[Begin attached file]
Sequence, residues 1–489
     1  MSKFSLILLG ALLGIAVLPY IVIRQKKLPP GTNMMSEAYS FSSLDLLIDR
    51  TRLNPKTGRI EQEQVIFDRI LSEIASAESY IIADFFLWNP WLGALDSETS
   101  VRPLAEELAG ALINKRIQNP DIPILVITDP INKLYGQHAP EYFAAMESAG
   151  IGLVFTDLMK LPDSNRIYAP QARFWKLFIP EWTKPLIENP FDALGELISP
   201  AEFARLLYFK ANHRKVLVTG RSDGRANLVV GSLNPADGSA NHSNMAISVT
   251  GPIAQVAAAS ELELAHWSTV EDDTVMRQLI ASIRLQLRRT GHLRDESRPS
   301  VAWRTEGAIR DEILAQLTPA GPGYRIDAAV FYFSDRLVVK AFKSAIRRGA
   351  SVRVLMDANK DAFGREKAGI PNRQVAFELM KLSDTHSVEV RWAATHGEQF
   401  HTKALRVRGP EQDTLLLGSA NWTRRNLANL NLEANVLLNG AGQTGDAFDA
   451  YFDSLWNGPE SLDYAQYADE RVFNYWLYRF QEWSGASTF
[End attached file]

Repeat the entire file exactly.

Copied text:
Sequence, residues 1–489
     1  MSKFSLILLG ALLGIAVLPY IVIRQKKLPP GTNMMSEAYS FSSLDLLIDR
    51  TRLNPKTGRI EQEQVIFDRI LSEIASAESY IIADFFLWNP WLGALDSETS
   101  VRPLAEELAG ALINKRIQNP DIPILVITDP INKLYGQHAP EYFAAMESAG
   151  IGLVFTDLMK LPDSNRIYAP QARFWKLFIP EWTKPLIENP FDALGELISP
   201  AEFARLLYFK ANHRKVLVTG RSDGRANLVV GSLNPADGSA NHSNMAISVT
   251  GPIAQVAAAS ELELAHWSTV EDDTVMRQLI ASIRLQLRRT GHLRDESRPS
   301  VAWRTEGAIR DEILAQLTPA GPGYRIDAAV FYFSDRLVVK AFKSAIRRGA
   351  SVRVLMDANK DAFGREKAGI PNRQVAFELM KLSDTHSVEV RWAATHGEQF
   401  HTKALRVRGP EQDTLLLGSA NWTRRNLANL NLEANVLLNG AGQTGDAFDA
   451  YFDSLWNGPE SLDYAQYADE RVFNYWLYRF QEWSGASTF